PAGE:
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Everything's Rosie

Everything's Rosie(1931)


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teaser Everything's Rosie (1931)

The leading comics at RKO Pictures in the early '30s were Bert Wheeler and Robert Woolsey, a duo who had scored on Broadway when Florenz Ziegfeld teamed them for Rio Rita and brought the act to the screen in the musical's 1929 film version. With nonsensical plots and rapid-fire gags, their films were huge hits, particularly among lower-income audiences. As a result, RKO tried to double their box office by trying the pair in solo films. Wheeler romanced frequent leading lady Dorothy Lee in Too Many Cooks (1931), while the older Woolsey played a carnival con artist who adopts orphan Anita Louise in this film. When she falls for a handsome law student, he settles down in the youth's small town, using his carnival pitch to save a local auction house and charming the local society by pretending to be European royalty. Everything's Rosie has an impeccable comic pedigree. Director Clyde Bruckman and writer Al Boasberg had worked on some of Buster Keaton's greatest films. Co-writer Tim Whelan had written for Harold Lloyd and Harry Langdon, while dialogue writer Ralph Spence had written titles for some of Marion Davies's best comedies. Throw in the beauty of the 16-year-old Louise, and you have a charming little film. Sadly, Woolsey without Wheeler wasn't as much of a draw as Woolsey with Wheeler, so the studio didn't give them any other solo assignments.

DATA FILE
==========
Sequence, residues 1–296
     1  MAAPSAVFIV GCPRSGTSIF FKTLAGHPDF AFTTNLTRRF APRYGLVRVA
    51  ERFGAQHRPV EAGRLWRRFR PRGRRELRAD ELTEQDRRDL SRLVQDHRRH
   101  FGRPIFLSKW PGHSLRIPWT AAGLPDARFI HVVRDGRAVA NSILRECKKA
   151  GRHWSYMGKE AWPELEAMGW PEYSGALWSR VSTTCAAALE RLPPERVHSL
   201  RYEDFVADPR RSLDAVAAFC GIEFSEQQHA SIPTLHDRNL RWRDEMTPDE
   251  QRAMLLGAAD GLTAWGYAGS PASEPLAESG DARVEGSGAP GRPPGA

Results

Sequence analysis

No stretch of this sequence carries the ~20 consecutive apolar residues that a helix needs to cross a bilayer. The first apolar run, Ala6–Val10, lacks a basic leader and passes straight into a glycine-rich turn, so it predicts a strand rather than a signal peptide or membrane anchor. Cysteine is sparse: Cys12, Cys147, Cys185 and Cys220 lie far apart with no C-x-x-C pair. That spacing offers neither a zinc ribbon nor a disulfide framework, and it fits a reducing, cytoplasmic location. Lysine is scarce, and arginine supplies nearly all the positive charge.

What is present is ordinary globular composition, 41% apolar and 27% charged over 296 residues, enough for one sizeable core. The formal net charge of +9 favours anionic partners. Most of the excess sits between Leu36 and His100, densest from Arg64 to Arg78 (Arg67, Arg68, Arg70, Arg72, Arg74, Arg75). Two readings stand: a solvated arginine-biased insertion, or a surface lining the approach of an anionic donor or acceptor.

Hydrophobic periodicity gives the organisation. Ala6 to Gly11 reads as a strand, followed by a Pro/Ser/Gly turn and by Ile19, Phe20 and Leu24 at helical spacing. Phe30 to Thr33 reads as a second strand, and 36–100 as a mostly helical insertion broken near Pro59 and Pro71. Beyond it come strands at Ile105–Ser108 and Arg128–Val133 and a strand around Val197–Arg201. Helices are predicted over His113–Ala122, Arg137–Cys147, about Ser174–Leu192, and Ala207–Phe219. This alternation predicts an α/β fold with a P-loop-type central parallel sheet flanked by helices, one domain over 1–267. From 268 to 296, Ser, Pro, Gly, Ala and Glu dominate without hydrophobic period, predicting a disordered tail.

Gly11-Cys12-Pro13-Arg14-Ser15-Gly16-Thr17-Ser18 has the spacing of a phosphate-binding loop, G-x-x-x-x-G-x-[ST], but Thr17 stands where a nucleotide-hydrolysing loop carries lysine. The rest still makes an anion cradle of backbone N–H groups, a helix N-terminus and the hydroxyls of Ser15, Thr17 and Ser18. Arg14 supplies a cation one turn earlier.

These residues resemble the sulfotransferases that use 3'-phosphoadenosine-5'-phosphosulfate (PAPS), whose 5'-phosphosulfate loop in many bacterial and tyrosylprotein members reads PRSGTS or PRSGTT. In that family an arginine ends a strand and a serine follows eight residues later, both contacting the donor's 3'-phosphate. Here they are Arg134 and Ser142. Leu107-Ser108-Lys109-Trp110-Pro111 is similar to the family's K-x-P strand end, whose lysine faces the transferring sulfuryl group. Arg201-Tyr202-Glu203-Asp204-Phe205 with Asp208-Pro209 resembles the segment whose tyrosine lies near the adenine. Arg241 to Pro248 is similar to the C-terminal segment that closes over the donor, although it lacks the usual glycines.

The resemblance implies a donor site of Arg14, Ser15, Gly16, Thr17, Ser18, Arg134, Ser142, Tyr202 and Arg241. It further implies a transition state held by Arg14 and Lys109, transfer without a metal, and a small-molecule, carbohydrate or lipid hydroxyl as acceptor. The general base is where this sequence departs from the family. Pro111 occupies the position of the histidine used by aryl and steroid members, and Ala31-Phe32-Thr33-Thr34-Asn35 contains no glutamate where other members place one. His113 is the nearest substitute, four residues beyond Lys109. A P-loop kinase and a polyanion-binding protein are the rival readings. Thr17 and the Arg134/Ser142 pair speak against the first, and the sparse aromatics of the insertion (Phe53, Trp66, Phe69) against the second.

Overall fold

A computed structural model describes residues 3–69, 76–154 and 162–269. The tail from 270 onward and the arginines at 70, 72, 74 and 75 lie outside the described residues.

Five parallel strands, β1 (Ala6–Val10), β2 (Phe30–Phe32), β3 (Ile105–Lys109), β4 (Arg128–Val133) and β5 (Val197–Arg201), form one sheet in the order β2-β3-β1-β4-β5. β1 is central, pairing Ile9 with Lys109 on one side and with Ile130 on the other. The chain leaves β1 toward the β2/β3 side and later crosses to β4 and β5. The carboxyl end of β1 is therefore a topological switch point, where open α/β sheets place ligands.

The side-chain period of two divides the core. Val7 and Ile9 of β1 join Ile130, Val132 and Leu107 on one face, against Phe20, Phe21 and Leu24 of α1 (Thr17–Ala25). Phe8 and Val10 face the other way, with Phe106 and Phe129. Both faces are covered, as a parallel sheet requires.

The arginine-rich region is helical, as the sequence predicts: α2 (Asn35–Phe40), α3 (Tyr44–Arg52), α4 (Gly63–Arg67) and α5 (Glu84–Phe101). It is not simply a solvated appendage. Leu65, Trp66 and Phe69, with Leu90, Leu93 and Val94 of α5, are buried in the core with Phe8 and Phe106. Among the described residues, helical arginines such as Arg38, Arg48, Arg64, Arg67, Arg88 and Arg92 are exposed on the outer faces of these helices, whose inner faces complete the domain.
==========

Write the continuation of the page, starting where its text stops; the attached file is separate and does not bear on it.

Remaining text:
By Violet Levoit

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